The opinion in Bianco v. City Engineer Building Inspector, 187 N.E. (Mass.) 101, 103, expresses the view that:

"The front line and the rear line of a lot cannot well be described by a hard and fast rule of law applicable to all cases. The determination of the question is largely a matter of fact."

See, also, Rombauer v. Compton Heights Christian Church, 328 Mo. 1, 40 S.W.2d 545, 551.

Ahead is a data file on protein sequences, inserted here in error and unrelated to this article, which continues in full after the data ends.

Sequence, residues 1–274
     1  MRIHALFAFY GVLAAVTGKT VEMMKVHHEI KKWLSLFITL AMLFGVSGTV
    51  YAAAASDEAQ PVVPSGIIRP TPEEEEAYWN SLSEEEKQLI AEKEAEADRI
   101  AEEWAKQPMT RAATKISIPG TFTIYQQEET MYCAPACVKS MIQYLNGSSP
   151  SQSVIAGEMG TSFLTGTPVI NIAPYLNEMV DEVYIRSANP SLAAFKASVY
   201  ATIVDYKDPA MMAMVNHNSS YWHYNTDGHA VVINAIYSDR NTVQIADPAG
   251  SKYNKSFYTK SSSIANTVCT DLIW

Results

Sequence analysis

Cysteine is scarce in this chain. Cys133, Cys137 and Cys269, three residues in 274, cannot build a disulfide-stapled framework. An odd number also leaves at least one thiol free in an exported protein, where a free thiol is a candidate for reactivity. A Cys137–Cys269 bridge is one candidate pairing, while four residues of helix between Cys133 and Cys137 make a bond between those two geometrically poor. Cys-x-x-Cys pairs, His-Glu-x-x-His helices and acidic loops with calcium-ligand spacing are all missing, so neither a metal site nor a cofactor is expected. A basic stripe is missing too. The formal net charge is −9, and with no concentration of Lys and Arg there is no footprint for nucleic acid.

In the case at bar, under the facts disclosed in the record, when examined in the light of these authorities there can be not the slightest doubt as to the location of the front line of the proposed building. It unquestionably faces Morrie Avenue on which the application, itself, for the permit in question, places the address number; the permit, too, is for a building "fronting on Morrie Avenue"; the blueprint plans of the structure themselves disclose the same fact; and the Board of Adjustment likewise regarded the position of the building as "fronting on Morrie Avenue," for its minutes so indicate.